In the future there could be a possibility that we’ll be seeing autonomous vehicles being driven on our public roads, and this will no doubt change the automobile world. Tesla have already begun trailing its driverless autopilot systems within the UK, and Google has already started testing automated technology in real-world situation. Mercedes and Lexus have also announced that they are working on technology for self-driving cars too, and then there are also rumors that BMW and Apple have partnered to develop a vehicle that may well be automated as well.
While driverless automotive are increasing in population within the automotive industry, there still appears to a set back due to public lacking comfort with these technologies. For example, a AAA survey has found that close to 75 per cent of people are fearful about being inside a self-driving car.
In the light of this, there are various groups within our society who would see their lives transformed for the better with these autonomous vehicles, such as those living with disabilities and the elderly. This is especially apparent when considering the Surface Transportation Policy Project titled ‘Aging Americans: Stranded Without Options’. This study revealed that 20 per cent of Americans over 65 do not drive at all. Here, innovative stairlifts manufacturer Acorn Stairlifts explores further about just how driverless cars have the capability to assist older citizens…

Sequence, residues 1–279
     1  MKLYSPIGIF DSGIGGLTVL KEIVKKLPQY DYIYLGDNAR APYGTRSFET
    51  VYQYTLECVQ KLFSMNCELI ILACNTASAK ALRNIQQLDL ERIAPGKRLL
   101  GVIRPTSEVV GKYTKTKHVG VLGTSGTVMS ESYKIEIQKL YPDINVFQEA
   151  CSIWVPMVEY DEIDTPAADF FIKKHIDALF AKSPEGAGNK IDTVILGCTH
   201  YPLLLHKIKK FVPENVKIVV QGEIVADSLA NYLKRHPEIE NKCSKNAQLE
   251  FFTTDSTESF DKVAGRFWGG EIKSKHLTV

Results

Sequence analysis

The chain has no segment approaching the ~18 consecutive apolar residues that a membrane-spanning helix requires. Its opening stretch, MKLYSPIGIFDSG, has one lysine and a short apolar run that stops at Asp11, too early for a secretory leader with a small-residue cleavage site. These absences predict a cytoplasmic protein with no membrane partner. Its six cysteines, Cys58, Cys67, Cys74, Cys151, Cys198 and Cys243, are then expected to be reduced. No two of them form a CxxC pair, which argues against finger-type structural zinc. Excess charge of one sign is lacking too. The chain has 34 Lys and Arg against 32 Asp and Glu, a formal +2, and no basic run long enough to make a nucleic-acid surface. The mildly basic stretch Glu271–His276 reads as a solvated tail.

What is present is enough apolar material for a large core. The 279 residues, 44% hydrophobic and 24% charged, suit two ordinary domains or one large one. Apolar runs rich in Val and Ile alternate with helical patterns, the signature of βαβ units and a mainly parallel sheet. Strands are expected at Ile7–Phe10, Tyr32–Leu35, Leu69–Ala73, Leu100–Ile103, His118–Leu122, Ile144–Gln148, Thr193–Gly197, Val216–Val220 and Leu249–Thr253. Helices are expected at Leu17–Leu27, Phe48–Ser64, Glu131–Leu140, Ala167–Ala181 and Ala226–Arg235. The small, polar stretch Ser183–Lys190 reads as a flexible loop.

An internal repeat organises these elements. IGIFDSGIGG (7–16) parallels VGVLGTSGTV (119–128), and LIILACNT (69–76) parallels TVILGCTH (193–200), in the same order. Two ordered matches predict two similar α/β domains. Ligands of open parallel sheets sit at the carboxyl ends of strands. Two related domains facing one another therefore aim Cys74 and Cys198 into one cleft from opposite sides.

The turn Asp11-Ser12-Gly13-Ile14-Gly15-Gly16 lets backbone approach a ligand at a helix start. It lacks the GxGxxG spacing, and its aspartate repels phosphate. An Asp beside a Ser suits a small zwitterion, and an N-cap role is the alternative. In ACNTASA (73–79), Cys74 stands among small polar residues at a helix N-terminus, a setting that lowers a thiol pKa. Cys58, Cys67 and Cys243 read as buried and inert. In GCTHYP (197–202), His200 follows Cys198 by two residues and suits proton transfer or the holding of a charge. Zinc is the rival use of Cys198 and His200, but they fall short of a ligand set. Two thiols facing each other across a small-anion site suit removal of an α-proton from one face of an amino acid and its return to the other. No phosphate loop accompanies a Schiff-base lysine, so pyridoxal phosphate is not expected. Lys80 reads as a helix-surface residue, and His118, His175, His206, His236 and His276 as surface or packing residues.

Waymo leading the way with the development of self-driving cars
When you think of innovators than no doubt, Waymo springs to mind. A company which started out as the autonomous car division at Google, the firm’s driverless cars have already been driven at least 3.5 million miles in 22 test cities — with one test seeing a blind man successfully being able to complete a test ride by himself.
Waymo are known for including several eye-catching design elements into their self-driving vehicles. These features have the intention to help the elderly, as well as individuals with disabilities, when they are heading out on a road trip.
Laptop sized screens are found within the vehicle’s cabin which would surely be appreciated by those on board with hearing-impairments, for example. These screens allow individuals to follow a route, as well as view selected information such as any traffic signals, crosswalks, pedestrians, cyclists and other road users encountered while getting from A to B.
We must also draw our attention on a collection of buttons which have been placed into the dashboard of a Waymo autonomous vehicle. People who are familiar with cars which have rolled off production lines over the past few years are likely to have already come across a ‘Start’ button. However, Waymo vehicles also come complete with a ‘Pull Over’ button and a ‘Help’ button that will begin a two-way voice communication connection with a control center when pressed.
We should be expecting to get our grips on one of these driverless vehicles, as Waymo have put plans in place to launch the world’s first commercial driverless car service any day now!